Phnom Penh is not yet a CNN.go city. What it is is a go-kart city. Every sound and smell on the street is equal to that of a frenetic pit stop. Any vehicle that burns gas is welcome in Phnom Penh, and it’s saner to grin and then hop on the back of one that is temporarily still instead of letting your jaw drop and wonder how did you dip into the outer vestibule of Dante’s Inferno.
I was five hours late for check-in at The Sundance Inn and Saloon on one-seventy-deuce street, but it just didn’t matter. Next week, below in the hotel bar, is a party for one of the proprietors’ birthday. Harry is 48 and to celebrate; there’s free Rum, Gin, Vodka, Jim Beam, Jack Daniels etc. And even when it’s free from Harry with love, the pour is mighty strong (doubles as a rule). Videos of Cyndi Lauper counter thrusting Captain Lou Albano, and of Alice Cooper shouting about Poison rotate on the screen. And even when listening to A-Ha’s Take Me On for the third time it’s undeniable that with acacia wood on the guestroom floors and Spanish floor tiles marking the windows all through the place, The Sundance delivers service and friendly cheer measuring up to any traveler’s standards.
And this is important, for when you step out onto the enticing mayhem of one-seventy-deuce street, it’s all jive talkin’ and Phnom Penh’s special distortion on the street:
You want Moto? Tuk-tuk sir? Girls? Smoke? The shooting field? The killing gallery?
Sure, The Sundance is cultivated well and is a soft landing place in Phnom Penh but it won’t be long before budgeting becomes part of the equation for most long-term travelers. A bit of serendipity has across the street, still on one-seventy-deuce, Longlin Guest House–a sure find. A middle-of-the-road flophouse where you do have your own room but somehow the bathrooms on the same floor are all set together en suite style and the daytime tourist agendas and nighttime confessions can be heard by all. That can be kind of fun yet the Wi-Fi at Longlin never works, and the TV and the fridge can’t operate at the same time: there is only one operating plug per room. Anyway, you want to choose to experience the engines roaring and the plugs not working–in short it’s part of the working definition of moving to a developing country.
Whether you ever opened and read a magazine with more words than pictures or not or reckon Facebook to be built with interesting stories or too full of schlock and swizzle, all visitors to Phnom Penh have opened a tourist guide and come to the pages about the Foreign Correspondents’ Club. It’s a vaunted place where journalists, politicos, and linen-dressed Brits were meant to plan about post-dictatorship Cambodia. The well preserved bar and restaurant is all post-pain now, and it’s all about experiencing Mekong and Tonle river views of a blah-blah-blah fascinating city. Still, walking up to the second floor bar there is an excitement that you’re going to a former “hotspot” where life and death were open protagonists and someone could call you out for a press run in their death mobile: perhaps to a spot where activists and journalists are getting shot for reporting about illegal luxury wood logging. But stop your daydreaming right there. The only chance of getting, “in the shit” in the current FCC is by staring above the bar into the cable TV which is showing National Geographic’s episode of “Asia’s Largest Jail.”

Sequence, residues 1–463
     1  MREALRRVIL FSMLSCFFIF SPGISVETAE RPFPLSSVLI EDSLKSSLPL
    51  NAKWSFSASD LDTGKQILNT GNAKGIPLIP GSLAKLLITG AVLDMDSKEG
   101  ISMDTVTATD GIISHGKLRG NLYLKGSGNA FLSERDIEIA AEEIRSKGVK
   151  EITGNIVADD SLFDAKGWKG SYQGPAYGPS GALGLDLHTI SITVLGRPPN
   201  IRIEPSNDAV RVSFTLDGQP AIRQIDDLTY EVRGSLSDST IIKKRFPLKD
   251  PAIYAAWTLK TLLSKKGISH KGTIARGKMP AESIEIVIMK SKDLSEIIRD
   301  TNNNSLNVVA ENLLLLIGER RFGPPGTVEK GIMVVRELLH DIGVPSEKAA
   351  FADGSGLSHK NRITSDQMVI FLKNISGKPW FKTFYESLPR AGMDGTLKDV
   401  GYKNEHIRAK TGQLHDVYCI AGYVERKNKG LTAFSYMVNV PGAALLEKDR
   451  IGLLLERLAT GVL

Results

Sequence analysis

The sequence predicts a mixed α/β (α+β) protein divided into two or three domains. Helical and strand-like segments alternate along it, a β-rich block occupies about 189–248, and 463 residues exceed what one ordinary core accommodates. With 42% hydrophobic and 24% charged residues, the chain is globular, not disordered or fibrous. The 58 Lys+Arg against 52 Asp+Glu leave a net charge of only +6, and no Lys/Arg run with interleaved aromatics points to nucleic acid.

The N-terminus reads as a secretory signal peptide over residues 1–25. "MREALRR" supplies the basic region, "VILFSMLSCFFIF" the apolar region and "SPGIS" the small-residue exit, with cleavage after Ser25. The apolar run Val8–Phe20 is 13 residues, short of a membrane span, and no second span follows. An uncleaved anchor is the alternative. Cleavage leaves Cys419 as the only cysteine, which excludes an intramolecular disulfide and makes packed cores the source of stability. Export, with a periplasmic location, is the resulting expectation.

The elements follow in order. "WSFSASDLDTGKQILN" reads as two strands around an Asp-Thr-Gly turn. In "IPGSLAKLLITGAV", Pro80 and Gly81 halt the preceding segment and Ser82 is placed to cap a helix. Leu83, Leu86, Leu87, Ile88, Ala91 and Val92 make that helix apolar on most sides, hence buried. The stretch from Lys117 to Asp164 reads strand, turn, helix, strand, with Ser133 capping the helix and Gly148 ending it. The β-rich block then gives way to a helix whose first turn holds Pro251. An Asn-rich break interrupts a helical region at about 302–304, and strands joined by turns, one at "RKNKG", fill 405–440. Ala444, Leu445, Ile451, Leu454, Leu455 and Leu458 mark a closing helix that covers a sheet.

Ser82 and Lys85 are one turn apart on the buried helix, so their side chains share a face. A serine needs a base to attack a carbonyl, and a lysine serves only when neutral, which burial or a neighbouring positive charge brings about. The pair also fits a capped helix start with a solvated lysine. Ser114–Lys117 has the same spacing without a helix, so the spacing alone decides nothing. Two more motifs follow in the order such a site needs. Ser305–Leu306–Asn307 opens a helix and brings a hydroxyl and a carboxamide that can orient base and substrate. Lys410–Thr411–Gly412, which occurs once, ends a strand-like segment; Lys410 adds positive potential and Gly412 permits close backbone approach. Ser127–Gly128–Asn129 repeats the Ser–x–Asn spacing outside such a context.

About the most exciting thing about the Foreign Correspondents’ Club of Phnom Penh is the unisex bathrooms. If there is such a blight as hyper-tourist-modernity, the FCC Cambodia avoids it by giving the riverside a historical landmark in the same way that Saloon#10 does for the only town in the world that was ever dustier than Phnom Penh, Deadwood.
More comparisons between Deadwood and Phnom Penh jump you when you go back to Harry and Buster’s bar at The Sundance. Patrick is the first local expat I met in Phnom Penh. He is skinny with a scarred up torso from numerous collisions with walls and roadblocks. He assured me I would, “Fit in well, around here,” and went on to tell me how both his mother and Jerry Garcia were for sure in heaven and would be keeping an eye on him in a place like Phnom Penh. He sprinkled Old Testament truisms and clipped phrases into his ranting and after several Gin and juices, I was sure I was in the presence of E.B Farnum. I have since found out that “buzzhead” Patrick is banned from Sundance for various forms of annoying behavior and activities–go figure.
Throughout a go-out night in Phnom Penh it’s impossible not to rub shoulders with–I guess–the expat elites here, AKA the NGO girls. You can recognize them because they are mostly man-less and are sure to keep their ballast by drinking mocktails. It must be some kind of developing morality play where the upper-middle class women don’t drink alcohol in public because they are here in Cambodia to do good–to make a difference, of course, that remains to be seen.
Even in front of the trendiest club in Phnom Penh it still seems like just another pit stop in go kart city. The dust charged roads seem impenetrable to night light, and late in the night, I spoke with a local expat English teacher, 20-something Matt from New Orleans, who is planning to take his girlfriend on a “blindfold birthday party.” He will blindfold her then take her to a swanky restaurant and then back to the local bar. He informs me, “Khmer schools have stopped teaching about the killing fields. They just want the students to ignore all that.” Ah ha, sounds like the doings from inside a country that wants to make sure that its capital does one day become a CNN.go city. This too remains to be seen.